Exam reforms doomed unless assessment system changes, say heads


Poor quality and inconsistent marking of GCSE and A level examinations is endemic, according to a scathing report from independent school heads.

They say that while reforms to GCSEs and A levels are needed, “we characterise these plans as houses that would be built on the sand of a deteriorating national industry of public examinations”. Their introduction would be meaningless unless accompanied by changes to the way children are examined and assessed, they argue.

The study, from HMC, the organisation representing headteachers in independent schools, found deep-rooted problems with quality and consistency of marking and how the appeals process operates. The report has been sent to ministers.

In all, it lists seven serious problems with exams grouped under three headings: unsatisfactory awarding of grades, poor quality marking, and redress and appeals. It finds long-standing year-on-year variations in grades awarded in the same subjects, and unexplained boundary changes to previously stable subjects. 

There are also “significant and widespread variations” between awarding bodies in the numbers of candidates achieving top grades, and “unexplained variations” between some key subjects in the number of top grades at A level.

Crucially, it reports “persistent and widespread incompetence in marking” and in one specific examination, erratic and inconsistent marking. There are also “significant doubts” about the accuracy and fairness of the appeals process.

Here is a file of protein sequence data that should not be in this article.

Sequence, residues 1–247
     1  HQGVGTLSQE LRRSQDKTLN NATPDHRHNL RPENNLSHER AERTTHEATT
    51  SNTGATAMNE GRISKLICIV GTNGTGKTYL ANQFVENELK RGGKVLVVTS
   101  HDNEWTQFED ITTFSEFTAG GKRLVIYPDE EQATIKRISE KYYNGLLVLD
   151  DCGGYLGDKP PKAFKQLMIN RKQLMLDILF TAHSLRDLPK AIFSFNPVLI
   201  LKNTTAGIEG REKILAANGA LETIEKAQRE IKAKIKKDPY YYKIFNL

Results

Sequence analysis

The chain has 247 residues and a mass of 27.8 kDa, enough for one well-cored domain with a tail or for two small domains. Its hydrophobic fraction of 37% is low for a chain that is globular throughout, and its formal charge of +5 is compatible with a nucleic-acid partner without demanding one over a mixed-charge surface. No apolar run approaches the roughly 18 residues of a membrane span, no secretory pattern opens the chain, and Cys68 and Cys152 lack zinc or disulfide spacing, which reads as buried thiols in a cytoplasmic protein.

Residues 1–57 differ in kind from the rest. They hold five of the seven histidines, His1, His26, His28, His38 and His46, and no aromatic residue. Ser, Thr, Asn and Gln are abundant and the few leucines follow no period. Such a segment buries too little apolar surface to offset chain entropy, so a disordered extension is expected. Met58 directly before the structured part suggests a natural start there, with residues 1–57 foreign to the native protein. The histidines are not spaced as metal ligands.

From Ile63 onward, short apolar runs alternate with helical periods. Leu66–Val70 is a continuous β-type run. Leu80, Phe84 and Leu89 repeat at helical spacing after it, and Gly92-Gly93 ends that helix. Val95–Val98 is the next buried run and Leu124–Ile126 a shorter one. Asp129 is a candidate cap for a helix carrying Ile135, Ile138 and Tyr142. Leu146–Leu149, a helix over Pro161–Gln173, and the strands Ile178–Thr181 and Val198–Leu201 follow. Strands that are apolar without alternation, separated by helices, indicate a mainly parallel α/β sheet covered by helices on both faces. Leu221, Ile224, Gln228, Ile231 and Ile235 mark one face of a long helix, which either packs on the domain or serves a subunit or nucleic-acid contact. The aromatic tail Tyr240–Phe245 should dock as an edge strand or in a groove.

Christopher Ray, high master of Manchester Grammar School and chairman of HMC, said: “The state of the examinations industry is truly shocking and is clearly no longer fit-for-purpose. The problems go far deeper than this year’s disastrous mishandling of the English language GCSE grades.”

The report blamed some of the problems on a “culture of secrecy” among the exam boards and a “lack of focus” by Ofqual, the regulator.  Independent schools had been abandoning GCSEs and A levels in droves as a result of these problems, in favour of qualifications such as the IGCSE and IB.

The Association of School and College Leaders endorsed the study. Brian Lightman, its general secretary, said: “This is not about reforming exams at 16 but about getting the basics right. Marking and grading are fundamental to any exam system and these issues need to be addressed or problems like the ones we have seen this summer are likely continue.

“We strongly hope that Ofqual and the government will work together with teachers and leaders in all sectors, who really understand where the problems are, to make sure that these issues are investigated properly.”

An Ofqual spokesperson said that the regulator was looking closely at the quality of marking in the exam system. 

They added: “Exam boards have clear arrangements for training and monitoring markers. We want to make sure that all of these processes work as well as they can.”


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